People began to assert themselves against blind faith and useless religious rituals and began to feel that they could reach God without the intermediary of a priest. Instead of one Pope, two Popes began to be elected one by the French Cardinals and the other by the Italian Cardinals. Solution: With recognition of the reformers criticism and acceptance of their ideology Protestants were able to put their beliefs on display in art.
Reforming the Catholic Church would strengthen it and help it stop Protestantism from spreading. The Council of Trent also tried to spread the Catholic faith to new lands and people The CR could also be considered to be created due to political reasons because the Church tried to regain power in Europe through gaining back lands that had become Protestant. Slide
The printing press impacted the reformers in a huge way. The reformers were able to see more of what the Bible said for themselves, this furthered the idea that there was no real need for a Pope. As the Pope’s job was to read the Bible and keep commoners up to tabs on what the gospel said, the printing press eliminated the need for this; for those who loved God’s word, being able to read the Bible for themselves grated a chance for people to have contrasting ideas or put the Pope in check. John Wycliffe, a professor at Oxford University and reformer, also held the belief that it was God’s will that everyone should be able to come to God on their own. “I confess that the indulgences of the Pope, if they are what they are said to be, are a manifest blasphemy, inasmuch as he claims a power to save men almost without limit,…).
The church was becoming more and more corrupt by the day. People were not focused on faith but relied on the “middle man” to reach God; in this case the middleman was the pope and the Catholic Church. Martin Luther disagreed with the corrupt system the church was conducting and was motivated to start a reform. The purpose of the ninety-five theses was not to accuse the pope or the Catholic Church but to question the actions being made. For example Martin Luther raises awareness of the following controversial thought, “Christians are to be taught that it would be the pope's wish, as it is his duty, to give of his own money to very many of those from whom certain hawkers of pardons cajole money, even though the church of St. Peter might have to be sold.”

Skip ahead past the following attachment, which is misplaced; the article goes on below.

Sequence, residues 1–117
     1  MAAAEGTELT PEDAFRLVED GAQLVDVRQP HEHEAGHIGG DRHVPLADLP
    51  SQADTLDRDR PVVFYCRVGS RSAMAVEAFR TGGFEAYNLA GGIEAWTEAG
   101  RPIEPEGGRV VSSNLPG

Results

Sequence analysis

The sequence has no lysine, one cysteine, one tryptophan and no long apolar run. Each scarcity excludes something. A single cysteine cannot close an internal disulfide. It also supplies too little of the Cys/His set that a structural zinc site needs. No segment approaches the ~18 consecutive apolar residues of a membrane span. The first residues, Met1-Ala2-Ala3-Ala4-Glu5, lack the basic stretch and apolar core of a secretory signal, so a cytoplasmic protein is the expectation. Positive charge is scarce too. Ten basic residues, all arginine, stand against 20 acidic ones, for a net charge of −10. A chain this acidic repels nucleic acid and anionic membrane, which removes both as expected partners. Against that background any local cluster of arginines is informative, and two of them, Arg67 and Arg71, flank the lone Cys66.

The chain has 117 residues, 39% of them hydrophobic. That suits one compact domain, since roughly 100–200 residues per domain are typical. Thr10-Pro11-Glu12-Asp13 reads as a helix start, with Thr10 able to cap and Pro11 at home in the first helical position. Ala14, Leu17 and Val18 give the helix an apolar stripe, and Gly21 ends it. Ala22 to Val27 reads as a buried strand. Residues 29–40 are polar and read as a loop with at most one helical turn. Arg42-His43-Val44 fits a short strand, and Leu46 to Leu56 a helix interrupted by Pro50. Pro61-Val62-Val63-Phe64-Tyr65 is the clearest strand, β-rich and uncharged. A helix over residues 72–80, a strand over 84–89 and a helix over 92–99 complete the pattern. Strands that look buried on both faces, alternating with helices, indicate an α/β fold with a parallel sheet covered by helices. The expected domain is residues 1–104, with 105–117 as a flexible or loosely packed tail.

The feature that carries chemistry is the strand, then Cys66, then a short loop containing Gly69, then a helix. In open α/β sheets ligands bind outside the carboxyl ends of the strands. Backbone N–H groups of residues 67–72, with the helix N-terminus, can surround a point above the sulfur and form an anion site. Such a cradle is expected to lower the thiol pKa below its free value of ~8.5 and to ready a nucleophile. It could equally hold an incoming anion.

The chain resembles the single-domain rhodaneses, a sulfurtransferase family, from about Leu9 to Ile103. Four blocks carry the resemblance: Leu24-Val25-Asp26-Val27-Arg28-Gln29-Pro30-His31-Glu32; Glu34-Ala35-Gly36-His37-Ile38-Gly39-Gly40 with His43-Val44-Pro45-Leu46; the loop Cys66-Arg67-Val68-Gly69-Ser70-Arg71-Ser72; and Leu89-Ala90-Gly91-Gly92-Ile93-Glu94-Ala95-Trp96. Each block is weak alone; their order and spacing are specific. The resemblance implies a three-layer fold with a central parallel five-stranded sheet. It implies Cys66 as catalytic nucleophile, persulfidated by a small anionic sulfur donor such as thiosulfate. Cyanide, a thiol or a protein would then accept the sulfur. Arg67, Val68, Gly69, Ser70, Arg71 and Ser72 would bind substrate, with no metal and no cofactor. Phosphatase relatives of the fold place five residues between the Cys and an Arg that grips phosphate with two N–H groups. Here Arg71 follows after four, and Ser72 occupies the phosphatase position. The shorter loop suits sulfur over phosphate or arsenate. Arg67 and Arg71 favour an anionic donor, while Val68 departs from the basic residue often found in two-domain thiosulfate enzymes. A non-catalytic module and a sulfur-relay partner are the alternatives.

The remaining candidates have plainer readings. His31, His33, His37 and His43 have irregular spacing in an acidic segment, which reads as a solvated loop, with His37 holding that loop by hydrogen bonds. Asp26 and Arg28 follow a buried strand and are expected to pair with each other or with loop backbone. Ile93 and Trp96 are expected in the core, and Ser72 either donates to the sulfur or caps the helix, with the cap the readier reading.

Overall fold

His propaganda against the practice of the Pope to have the authority to read and interpret the Bible only and make people believe and follow it. Luther said that everyone can and should read the Bible for themselves, and have their own conclusion and faith. He had a strong criticism about the church's wealth, called its leaders corrupt and immoral. He strongly disagreed with selling indulgences and simony, when people after facing and regretting their sins had to pay large fees to be able to get to haven instead of hell. This was a e very old “tradition” of the Catholic church, but by the 16th century it became abusive.
During the 16th and 17th centuries the Scientific Revolution flourished. While it gained many supporters it had it’s fair share of opponents. Religious controversy, especially with the Catholic Church, hindered the work of scientists by creating barriers to stop the spread of scientific ideas. But many leaders, such as King Louis XIV, supported science for their own political purposes, helping in its advance.
The Protestant Reformation was a religious, political, and intellectual upheaval that attacked the Catholic Church. Protestantism leaned toward a more personal relationship with God rather than the communal worship the Catholic Church emphasized. It also deemphasized the power of the Pope and religious authorities. As Protestantism grew, the Catholic Reformation began. The Catholic Church tried to regain control of the populace by tightening clerical discipline and establishing the Council of Trent, which helped the organization of the Catholic Church by releasing doctrines and statements, which declared what was deemed